heaven. Sometimes he can do nothing else, and then nothing else is
worth doing; but the very noise of the siege will sometimes drown
the still small voice that calls from the open postern. There is a
door wide to the jewelled wall not far from any one of us, even when
he least can find it.

Robert, however, notwithstanding the pedestal upon which Miss St.
John stood in his worshipping regard, began to be aware that his
feeling towards her was losing something of its placid flow, and I
doubt whether Miss St. John did not now and then see that in his
face which made her tremble a little, and doubt whether she stood on
safe ground with a youth just waking into manhood--tremble a little,
not for herself, but for him. Her fear would have found itself more
than justified, if she had surprised him kissing her glove, and then
replacing it where he had found it, with the air of one consciously
guilty of presumption.

Possibly also Miss St. John may have had to confess to herself that
had she not had her history already, and been ten years his senior,
she might have found no little attraction in the noble bearing and
handsome face of young Falconer. The rest of his features had now
grown into complete harmony of relation with his whilom premature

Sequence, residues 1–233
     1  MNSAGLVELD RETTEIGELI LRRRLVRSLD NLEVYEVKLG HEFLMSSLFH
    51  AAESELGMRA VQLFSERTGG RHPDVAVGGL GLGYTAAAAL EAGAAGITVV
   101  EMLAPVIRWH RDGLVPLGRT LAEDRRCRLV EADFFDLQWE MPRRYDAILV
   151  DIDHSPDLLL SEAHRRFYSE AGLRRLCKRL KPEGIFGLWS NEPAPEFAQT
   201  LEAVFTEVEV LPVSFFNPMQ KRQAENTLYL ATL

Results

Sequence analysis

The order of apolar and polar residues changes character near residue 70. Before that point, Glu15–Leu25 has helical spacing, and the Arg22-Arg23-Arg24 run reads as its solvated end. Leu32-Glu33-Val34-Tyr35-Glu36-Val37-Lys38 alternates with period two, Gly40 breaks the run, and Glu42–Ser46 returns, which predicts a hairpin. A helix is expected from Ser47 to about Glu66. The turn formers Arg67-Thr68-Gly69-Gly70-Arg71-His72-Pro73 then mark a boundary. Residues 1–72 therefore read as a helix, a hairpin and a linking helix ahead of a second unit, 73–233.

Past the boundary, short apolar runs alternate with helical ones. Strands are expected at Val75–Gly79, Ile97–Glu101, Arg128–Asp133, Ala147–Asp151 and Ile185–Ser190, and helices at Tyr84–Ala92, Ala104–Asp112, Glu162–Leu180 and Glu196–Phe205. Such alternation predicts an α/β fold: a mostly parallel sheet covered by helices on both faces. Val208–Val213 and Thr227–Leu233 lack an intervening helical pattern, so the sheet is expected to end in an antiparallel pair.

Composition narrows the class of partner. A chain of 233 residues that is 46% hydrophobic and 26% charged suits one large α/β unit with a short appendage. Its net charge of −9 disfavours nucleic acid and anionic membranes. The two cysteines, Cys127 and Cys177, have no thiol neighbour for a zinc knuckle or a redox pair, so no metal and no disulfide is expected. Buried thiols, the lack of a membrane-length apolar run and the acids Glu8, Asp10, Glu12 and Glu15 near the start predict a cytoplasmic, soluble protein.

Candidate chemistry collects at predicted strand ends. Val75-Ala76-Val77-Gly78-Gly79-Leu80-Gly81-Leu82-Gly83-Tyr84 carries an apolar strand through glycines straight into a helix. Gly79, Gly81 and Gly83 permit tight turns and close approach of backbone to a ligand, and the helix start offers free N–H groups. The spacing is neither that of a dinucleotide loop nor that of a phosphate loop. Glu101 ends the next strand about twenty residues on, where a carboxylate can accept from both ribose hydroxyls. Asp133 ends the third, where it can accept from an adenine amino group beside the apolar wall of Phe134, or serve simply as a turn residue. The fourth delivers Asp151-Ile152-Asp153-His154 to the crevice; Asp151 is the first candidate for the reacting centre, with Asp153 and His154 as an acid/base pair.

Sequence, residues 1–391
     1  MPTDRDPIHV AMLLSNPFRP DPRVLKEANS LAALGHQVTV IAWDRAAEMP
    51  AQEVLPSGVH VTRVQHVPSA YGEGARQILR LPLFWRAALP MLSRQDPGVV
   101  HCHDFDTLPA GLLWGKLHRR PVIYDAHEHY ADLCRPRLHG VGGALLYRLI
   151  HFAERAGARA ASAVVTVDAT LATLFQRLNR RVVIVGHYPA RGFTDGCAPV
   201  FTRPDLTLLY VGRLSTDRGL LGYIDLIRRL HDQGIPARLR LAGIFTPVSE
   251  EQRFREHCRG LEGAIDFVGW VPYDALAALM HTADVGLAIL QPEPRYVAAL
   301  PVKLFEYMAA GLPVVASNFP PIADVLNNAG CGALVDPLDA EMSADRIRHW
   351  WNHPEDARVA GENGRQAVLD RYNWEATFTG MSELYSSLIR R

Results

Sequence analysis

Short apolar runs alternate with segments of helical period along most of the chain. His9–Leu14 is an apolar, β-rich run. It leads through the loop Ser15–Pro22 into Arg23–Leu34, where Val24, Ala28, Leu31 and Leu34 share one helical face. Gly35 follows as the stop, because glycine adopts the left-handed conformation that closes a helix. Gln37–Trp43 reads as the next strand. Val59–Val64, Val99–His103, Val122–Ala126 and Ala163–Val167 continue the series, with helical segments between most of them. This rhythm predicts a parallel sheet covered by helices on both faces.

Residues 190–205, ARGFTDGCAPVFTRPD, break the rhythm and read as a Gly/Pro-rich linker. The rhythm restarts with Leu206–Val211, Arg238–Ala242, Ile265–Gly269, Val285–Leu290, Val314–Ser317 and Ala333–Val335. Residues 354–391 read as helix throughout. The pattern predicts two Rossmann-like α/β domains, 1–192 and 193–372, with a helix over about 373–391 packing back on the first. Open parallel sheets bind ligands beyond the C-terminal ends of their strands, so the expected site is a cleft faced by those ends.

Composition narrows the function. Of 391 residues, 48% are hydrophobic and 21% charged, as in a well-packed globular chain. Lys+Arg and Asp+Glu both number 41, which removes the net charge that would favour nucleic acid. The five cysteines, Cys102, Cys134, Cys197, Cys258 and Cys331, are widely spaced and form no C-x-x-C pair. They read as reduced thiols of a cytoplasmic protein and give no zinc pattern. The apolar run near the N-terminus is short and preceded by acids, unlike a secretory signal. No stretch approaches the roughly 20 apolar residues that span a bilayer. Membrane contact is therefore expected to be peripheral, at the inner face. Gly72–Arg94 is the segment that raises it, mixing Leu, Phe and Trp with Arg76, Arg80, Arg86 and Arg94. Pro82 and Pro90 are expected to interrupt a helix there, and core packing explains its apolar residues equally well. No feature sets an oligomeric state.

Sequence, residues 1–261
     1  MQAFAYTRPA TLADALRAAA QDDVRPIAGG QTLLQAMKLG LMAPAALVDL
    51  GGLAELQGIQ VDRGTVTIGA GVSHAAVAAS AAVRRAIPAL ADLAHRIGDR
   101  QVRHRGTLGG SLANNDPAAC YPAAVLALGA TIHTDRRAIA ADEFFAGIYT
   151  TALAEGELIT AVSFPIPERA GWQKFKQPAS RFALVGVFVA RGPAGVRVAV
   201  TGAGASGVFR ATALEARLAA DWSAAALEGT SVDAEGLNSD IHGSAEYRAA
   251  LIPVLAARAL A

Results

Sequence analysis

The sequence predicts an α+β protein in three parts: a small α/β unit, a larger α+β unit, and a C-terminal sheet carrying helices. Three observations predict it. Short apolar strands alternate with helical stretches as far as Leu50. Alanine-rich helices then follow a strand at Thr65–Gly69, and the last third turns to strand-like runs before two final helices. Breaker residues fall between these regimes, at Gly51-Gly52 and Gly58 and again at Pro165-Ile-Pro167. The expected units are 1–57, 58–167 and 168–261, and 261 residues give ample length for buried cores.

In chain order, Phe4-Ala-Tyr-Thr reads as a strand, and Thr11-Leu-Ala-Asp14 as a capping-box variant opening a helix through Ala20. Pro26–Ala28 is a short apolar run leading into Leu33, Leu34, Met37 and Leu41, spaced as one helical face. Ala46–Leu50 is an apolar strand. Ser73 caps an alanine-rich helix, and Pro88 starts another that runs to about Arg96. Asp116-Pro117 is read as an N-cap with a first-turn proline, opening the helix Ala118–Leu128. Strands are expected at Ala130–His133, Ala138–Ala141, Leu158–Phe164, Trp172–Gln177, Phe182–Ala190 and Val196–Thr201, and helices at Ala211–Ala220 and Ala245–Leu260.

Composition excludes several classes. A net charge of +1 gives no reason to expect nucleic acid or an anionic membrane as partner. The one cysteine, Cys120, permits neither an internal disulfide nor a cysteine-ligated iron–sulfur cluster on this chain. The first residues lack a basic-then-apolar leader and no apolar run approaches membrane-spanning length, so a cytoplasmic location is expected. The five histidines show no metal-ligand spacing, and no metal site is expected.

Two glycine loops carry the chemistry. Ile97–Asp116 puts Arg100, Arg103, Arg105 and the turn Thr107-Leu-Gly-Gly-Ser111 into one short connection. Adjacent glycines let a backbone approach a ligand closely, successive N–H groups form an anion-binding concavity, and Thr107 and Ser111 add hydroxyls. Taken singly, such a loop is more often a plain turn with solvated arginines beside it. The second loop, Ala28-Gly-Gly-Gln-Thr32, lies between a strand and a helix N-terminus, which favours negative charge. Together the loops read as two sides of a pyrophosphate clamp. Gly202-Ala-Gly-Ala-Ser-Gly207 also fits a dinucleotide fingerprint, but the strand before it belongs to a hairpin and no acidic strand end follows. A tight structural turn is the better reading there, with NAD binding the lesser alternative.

and therefore portentous nose; his eyes glowed and gleamed with
humanity, and his whole countenance bore self-evident witness of
being a true face and no mask, a revelation of his individual being,
and not a mere inheritance from a fine breed of fathers and mothers.
As it was, she could admire and love him without danger of falling
in love with him; but not without fear lest he should not assume the
correlative position. She saw no way of prevention, however,
without running a risk of worse. She shrunk altogether from putting
on anything; she abhorred tact, and pretence was impracticable with
Mary St. John. She resolved that if she saw any definite ground for
uneasiness she would return to England, and leave any impression she
might have made to wear out in her absence and silence. Things did
not seem to render this necessary yet.

Meantime the violin of the dead shoemaker blended its wails with the
rich harmonies of Mary St. John's piano, and the soul of Robert went
forth upon the level of the sound and hovered about the beauty of
his friend. Oftener than she approved was she drawn by Robert's
eagerness into these consorts.

But the heart of the king is in the hands of the Lord.

While Robert thus once more for a season stood behind the cherub
with the flaming sword, Ericson was teaching two stiff-necked youths